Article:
It was at the tender age of five that Geeta Chandran, the acclaimed Bharat Natyam dancer, began learning the art from the traditional teachers of the form- the Devadasis. Her first teacher, Swarna Saraswathy taught her the “sampradaya shuddha” (pristine) Bharatanatyam, as she prefers to call it. Under Swarna, she learnt that every movement has a bhava (expression).
She had her arangetram (first on-stage performance of a student of Indian classical dance and music) in 1974. Since then, she continued learning Bharat Natyam from a number of eminent gurus.
Reminiscing her teacher’s forms, Geeta says, “It was a classical language of communication. It also let the art form survive without being corrupted. My most valuable training in Bharatanatyam was under Swarna Saraswathy.”
As her learning continued over the years, her passion for Bharat Natyam grew deeper. It was in her early college days, at Lady Shri Ram College in New Delhi, that she heard her true calling and realised she wanted to become a dancer in life.
Her college provided a highly empowering environment which eventually shaped her ideologies and helped her become a more sensitive human being. She grew closer to her environment and everything around her. By that time, she had realised what destiny had in store for her.
After having gained a fair share of knowledge in the dance form, Geeta decided to take the legacy of the Devadasi-art ahead. With immense dedication for her art, she started Natya Vriksha, a Bharat Natyam academy in 1991. She had only a handful of students then.
The institute grew over the years, as it continued to impart the pristine education in Bharat Natyam. The institute is unique as all dancers have been entirely trained in Bharatanatyam by the danseuse. Her sincerity and hard work made the institute a brand in itself. Today, the institute has completed over 25 years in imparting the knowledge of art and enshrines the best philosophies of Indian classical culture.
Having completed four decades in the field of classical dance and being a teacher herself, Geeta feels that a guru has incredible responsibilities. ‘As a role model and as one who knows, it is up to the Guru to enlighten disciples’, she says. “The Guru leads the way and shows the path. And most importantly, awakens in disciples the ability to gauge between right and wrong, between good and bad.”
The dancer states that her institute showcases the aesthetics of Bharatanatyam and its history. Through dance, Ms Chandran makes her students comprehend the complex inter-linkages between the classical dance tradition and its strict grammar with other disciplines: Philosophy, Ritual, Religion, Myths, Ancient texts, Poetry, Literature, Art (Painting and Sculpture), Cultural Studies, Yoga, Handicrafts & Handlooms and Beauty & Aesthetics.
Coming from an environment where feminist ideologies moulded her thinking, Geeta connects with deep-rooted issues of gender justice. She brings out the same in her dance choreographies.
As a performer, she feels that dance has evolved her and made her a better and sensitive human being.
She says, “The physical environment I operate in has to enable me. I need to be assured that the art and craft I am surrounded with offer deeper meanings to me. The handlooms I wear are resonant with meaning from different regions of India. So dance has made me an artist. It has awakened so many sensitivities in me.”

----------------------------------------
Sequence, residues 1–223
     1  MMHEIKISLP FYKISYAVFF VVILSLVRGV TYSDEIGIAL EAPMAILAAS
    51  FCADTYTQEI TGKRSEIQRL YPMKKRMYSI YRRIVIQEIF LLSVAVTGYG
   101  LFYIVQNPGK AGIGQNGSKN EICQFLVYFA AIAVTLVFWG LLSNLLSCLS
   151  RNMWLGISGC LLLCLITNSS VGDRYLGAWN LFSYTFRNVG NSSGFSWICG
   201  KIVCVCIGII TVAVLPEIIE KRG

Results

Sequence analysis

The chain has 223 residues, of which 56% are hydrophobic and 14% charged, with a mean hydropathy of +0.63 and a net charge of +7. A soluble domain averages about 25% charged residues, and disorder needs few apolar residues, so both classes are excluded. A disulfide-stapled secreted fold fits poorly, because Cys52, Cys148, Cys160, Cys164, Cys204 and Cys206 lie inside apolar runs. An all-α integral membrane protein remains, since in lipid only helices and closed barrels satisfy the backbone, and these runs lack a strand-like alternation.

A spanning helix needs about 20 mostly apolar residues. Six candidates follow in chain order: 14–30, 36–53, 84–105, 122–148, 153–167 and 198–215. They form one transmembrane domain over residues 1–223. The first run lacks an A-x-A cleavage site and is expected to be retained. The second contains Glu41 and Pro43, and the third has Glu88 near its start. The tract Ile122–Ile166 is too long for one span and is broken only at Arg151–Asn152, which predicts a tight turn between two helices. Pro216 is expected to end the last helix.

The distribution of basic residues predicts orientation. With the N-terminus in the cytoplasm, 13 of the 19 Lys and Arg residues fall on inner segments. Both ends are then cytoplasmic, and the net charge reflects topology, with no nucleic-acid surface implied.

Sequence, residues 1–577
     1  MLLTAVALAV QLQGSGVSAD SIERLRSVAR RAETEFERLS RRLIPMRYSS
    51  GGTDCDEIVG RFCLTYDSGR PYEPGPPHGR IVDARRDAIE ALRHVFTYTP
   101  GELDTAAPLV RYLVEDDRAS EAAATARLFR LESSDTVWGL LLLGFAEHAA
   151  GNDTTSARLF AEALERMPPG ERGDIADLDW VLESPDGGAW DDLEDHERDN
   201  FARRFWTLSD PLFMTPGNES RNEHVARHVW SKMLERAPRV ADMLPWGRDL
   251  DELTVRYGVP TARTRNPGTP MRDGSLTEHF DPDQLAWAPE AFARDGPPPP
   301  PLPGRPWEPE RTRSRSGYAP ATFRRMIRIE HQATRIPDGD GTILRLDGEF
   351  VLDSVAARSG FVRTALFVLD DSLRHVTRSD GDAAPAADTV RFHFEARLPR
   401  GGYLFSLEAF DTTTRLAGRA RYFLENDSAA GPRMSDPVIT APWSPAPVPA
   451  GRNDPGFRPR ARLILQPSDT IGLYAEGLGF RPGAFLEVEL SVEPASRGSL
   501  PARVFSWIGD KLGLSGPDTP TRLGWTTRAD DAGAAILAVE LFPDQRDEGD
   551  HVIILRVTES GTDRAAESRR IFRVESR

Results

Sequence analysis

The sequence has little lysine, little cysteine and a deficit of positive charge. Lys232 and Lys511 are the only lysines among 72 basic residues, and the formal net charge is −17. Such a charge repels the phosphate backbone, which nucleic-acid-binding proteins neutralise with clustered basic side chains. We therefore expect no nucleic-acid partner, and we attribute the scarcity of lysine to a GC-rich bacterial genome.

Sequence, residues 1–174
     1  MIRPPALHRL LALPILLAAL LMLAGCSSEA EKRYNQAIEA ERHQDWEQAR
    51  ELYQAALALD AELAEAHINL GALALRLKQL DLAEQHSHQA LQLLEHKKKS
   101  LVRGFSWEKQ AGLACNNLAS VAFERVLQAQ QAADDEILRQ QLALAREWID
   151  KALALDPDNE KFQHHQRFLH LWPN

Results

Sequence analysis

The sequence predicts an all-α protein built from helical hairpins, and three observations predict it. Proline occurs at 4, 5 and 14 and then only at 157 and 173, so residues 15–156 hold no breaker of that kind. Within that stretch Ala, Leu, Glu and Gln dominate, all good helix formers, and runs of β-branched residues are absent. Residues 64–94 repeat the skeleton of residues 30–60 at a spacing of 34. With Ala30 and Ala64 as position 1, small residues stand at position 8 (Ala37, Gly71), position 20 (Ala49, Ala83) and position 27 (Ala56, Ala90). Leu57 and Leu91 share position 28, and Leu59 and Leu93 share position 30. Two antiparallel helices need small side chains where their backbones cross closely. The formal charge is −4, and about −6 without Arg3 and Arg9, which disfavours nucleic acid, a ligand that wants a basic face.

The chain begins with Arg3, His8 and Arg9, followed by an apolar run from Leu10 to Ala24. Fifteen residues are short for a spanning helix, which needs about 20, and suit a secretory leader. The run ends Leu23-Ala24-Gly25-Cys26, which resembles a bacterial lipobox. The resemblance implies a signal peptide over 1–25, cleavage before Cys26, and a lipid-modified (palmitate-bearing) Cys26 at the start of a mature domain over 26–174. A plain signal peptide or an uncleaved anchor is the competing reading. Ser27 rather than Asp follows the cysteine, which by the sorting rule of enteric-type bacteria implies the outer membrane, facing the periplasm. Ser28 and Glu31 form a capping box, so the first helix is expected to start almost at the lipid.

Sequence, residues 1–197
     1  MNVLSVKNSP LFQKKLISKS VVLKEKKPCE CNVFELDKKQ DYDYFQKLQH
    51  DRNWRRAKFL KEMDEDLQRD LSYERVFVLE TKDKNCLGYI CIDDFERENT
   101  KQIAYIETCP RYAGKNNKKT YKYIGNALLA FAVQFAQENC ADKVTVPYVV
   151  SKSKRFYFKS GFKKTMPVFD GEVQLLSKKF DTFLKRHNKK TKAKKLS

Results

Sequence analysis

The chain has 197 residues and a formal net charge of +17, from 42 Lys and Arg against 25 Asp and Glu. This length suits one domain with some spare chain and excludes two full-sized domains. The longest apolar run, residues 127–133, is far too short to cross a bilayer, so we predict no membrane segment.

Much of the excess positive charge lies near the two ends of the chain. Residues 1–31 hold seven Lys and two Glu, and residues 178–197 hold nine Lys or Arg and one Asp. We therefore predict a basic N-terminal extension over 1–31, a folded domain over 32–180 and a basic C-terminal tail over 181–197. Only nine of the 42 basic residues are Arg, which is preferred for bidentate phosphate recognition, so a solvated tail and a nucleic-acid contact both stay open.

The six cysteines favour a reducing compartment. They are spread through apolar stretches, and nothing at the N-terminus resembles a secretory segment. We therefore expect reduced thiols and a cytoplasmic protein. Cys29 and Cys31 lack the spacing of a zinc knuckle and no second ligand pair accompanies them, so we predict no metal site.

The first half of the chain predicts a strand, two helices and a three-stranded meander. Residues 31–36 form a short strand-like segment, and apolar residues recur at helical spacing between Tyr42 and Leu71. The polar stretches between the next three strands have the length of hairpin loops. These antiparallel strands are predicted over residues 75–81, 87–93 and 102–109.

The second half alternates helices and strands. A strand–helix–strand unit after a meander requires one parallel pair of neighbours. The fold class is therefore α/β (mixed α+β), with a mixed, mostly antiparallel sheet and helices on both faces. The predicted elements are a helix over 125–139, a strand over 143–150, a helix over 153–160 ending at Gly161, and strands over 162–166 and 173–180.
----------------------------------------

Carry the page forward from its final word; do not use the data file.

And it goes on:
Her dance is known to amplify issues regarding gender and environment. Geeta strongly believes in dance. Whatever issues are dear to her, she attempts to give them an artistic response. She feels that the cause should move her from within and propel her to respond artistically. For her, the performance of art and its expression is more important and critical than bald issue she showcases.
Through her dance, she brings out the emotional aspect and raises her artistic voice against deep-rooted issues and concerns like female foeticide or the marginalisation of women in war (based on Draupadi’s dilemma in the Mahabharata or Kaikeyi’s battle against being discriminated against). Several women-oriented themes have become her choice for performances. Her training in communication helped her to mix dance skills to articulate the deepest gender anxieties.
Apart from mythological and feminist interests, issues like drugs and environment are also dear to her. However, performances built around those themes have been specially commissioned by organisations. But she chose to pick them up in her dance as those issues bothered her.
The danseuse has never been associated with any particular NGO. However, she is consistent in the causes she promotes. She strives to work for a better deal for women and the girl child in our society. She has partnered innumerable national and international organisations in presenting a variety of performances looking at the gender theme through various windows: women and peace, female foeticide, the issue of dowry, the issue of equal space for women, etc.
Her contribution to Bharat Natyam won her the honorary national award, the Padma Shri in 2007. She is also a recipient of the prestigious Sangeet Natak Akademi Award for 2016-17.
Not many people know that besides being a Bharat Natyam exponent, Geeta is also a trained vocalist in Carnatic music. She is active in works of theatre, choreography, music, dance activism and dance-issue journalism as well.
To promote awareness about the health concerns in India, she has also worked with the WHO, the Heartcare Foundation, the CanSupport and the Cancer Society of India.
Geeta has authored ‘So Many Journeys’, a personal collection of her memories of her association with Bharat Natyam. An eminent spokesperson of Indian classical dances, the Padma Shree awardee regularly pens down columns in prominent dailies of the country in her aim to promote art.